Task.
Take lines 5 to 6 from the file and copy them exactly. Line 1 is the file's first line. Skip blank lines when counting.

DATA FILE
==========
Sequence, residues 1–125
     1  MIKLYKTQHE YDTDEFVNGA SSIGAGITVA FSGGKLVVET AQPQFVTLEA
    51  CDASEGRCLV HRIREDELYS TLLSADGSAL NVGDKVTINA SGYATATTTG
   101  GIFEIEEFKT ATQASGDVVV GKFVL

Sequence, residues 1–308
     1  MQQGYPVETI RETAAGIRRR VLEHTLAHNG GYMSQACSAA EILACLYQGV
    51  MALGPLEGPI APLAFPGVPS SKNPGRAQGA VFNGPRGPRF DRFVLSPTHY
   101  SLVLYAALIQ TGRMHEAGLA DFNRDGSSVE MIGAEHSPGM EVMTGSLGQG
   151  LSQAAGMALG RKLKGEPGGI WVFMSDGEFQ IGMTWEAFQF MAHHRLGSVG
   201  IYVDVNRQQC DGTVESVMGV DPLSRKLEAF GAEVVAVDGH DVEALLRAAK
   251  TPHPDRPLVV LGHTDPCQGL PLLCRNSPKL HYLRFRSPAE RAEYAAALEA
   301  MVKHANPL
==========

Sequence, residues 1–308
     1  MQQGYPVETI RETAAGIRRR VLEHTLAHNG GYMSQACSAA EILACLYQGV